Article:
The classroom is disappearing-or is it?

Notes taken while listening to Allison Rosset, San Diego State University.

This was the third and final keynote of the AECT conference.  As always, my notes are in italics. I have to warn you. This one is quite long.  See the notes after the jump:

New book:
Job aids and performance support: Moving from knowledge in the classroom to knowledge everywhere.

I love to be in the classroom. Those are very special moments—that I control . . .

The classroom is disappearing. Is it happening? Is it a good thing? What’s next?

ASTD reports that instructor-led training is diminishing and e-learning is increasing. Significance? They aren’t technology folks.

42% of orgs intend to decrease classroom learning
72% intend to increase asynchronous offerings

Let’s have a good time doing it!

3.5 Million students took an online class in 2007

It’s nice to hear someone who is so prominent in the field who is willing to admit such reluctance to change.

Even Oprah teaches online! She has 500,000 students!

What are the PEW studies?

Five reasons why this (the disappearing classroom) is a good thing:
1.    We deliver standardized messages
2.    Those messages are delivered and updated with ease, everywhere, on demand
3.    Some programs are vivid, immersive
4.    More voices, more community, more conversation
5.    Emulating the classroom
When we move away from being nose to nose with the students, we need to be sure they have the scaffolding they need.

I need to make sure that I provide scaffolding with my online instruction.  Again, as I said the other day, I need to play less instructional hide and seek.  I didn’t think I did that, but as I reflect more on it, I realize I do, and it kills me.  I always looked at my teaching as a strong point, but now I see how I can really work to improve it.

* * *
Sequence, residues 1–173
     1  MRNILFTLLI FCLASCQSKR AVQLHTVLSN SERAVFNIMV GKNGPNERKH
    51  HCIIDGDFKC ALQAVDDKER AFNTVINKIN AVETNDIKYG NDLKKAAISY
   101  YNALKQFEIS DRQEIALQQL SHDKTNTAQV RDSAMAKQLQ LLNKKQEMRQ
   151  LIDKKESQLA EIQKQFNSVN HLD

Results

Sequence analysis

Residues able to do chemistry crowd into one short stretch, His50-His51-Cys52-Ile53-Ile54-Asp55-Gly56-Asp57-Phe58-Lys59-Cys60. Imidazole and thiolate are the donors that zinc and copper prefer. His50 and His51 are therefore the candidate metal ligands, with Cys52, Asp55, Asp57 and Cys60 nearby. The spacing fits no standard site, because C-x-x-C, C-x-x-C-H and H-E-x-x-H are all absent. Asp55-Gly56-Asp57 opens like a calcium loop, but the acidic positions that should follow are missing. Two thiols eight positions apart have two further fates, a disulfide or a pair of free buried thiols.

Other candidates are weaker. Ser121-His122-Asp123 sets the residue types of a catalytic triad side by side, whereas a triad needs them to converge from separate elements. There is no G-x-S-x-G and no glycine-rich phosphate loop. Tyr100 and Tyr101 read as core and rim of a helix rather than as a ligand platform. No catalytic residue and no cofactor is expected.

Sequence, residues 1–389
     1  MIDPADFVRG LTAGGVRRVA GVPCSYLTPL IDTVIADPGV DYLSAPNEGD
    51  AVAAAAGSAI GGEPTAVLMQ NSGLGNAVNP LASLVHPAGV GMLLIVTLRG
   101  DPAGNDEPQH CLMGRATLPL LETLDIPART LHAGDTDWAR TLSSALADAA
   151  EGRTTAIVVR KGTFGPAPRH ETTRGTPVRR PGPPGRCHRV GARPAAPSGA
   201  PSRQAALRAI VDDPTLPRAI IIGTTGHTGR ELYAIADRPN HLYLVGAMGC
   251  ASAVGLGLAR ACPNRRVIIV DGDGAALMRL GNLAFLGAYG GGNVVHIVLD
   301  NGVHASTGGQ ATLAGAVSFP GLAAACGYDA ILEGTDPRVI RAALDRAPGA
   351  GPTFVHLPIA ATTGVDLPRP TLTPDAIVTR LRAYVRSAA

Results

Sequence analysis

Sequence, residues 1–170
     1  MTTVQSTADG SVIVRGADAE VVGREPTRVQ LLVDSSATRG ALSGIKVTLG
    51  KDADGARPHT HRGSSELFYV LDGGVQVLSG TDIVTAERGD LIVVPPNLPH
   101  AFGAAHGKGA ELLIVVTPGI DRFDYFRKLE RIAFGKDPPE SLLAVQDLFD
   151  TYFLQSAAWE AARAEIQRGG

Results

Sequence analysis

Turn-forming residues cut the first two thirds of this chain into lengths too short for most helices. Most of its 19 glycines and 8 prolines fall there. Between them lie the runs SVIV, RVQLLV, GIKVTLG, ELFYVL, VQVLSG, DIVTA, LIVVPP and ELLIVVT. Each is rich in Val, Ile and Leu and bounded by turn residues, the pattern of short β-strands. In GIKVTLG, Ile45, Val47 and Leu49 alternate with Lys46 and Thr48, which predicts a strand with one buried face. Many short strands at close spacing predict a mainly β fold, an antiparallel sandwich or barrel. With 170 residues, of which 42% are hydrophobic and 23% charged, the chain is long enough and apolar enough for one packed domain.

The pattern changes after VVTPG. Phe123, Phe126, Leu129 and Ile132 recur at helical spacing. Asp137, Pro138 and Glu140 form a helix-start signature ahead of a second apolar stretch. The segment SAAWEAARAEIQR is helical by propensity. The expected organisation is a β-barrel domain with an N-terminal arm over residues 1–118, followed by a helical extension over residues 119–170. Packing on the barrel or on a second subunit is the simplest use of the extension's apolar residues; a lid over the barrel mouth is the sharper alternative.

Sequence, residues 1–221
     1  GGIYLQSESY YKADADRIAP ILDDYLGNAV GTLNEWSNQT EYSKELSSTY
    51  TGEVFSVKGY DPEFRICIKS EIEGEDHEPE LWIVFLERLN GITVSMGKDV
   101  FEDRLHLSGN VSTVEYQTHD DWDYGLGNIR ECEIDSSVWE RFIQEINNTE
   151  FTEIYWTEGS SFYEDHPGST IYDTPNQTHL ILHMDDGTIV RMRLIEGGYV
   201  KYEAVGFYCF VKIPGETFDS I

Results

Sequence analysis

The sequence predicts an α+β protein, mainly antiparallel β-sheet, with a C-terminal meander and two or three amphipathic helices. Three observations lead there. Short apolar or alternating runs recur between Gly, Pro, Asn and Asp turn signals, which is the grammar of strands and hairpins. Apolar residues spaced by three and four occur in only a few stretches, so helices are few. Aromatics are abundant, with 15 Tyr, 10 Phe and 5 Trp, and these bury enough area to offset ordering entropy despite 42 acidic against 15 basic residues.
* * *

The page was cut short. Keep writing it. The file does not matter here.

People are starting to leave. She’s kind of taking her time, and if I didn’t feel like I’d miss out if I left, then I’d probably leave, too.  But I don’t know when I’ll ever get the chance to hear her again.

She’s showing different examples of e-learning. Interesting, and they are good examples.  Very diverse.

UC-Davis—Second Life Schizophrenia.  Looks interesting.  Immerses the user into what the world is like with that disability.

I wonder what Second Life would be like to use in my instructional design class.  You could meet with the students and work one on one. A place where SDSU students post messages, etc. about non-training interventions.  Sounds like something I need to look at for my Performance Improvement class.

Quintet: quit all together How to quit smoking online


Infuse the best of the classroom into the new technology forms:
Immediacy/presence; peer interactions; supervisor fingerprints; caring

I need to have worked examples of each of my assignments in my online classes.

Is it a bad thing?
Our programs aren’t ready.
Our people aren’t ready.
Our organization isn’t ready.

One of the problems with designing online instruction is that we get into a mindset where we do something, and do something again, and doing the same thing again.  Our instruction needs to be designed every time.

The motivated learner sees the value and feels confident.

“The hard fact is that e-learning took off before people really knew how to use it.” The thwarted . . . something out of Penn State.

More just in time lessons, more engagement, more guidance.  And more guidance is the key.

It’s a privilege to be able to rethink your teaching and your content. Boy, do I need that perspective right now.

Worked examples, community, scenarios, and discussion boards.

Re-think, blend, measure, improve, cope, mitigate (the risks)

If you’re an instructional designer, then any problems in the classroom are EXACTLY what you’ve always wanted to deal with.

The classroom isn’t disappearing, but it is no longer the star of the show.

Overall impression: Interesting to listen to Allison Rossett, but I don’t know that she told me anything I didn’t know.  What I did get, however, is insight into how I could do my job better.  So when you look at it that way, it was worth the time.

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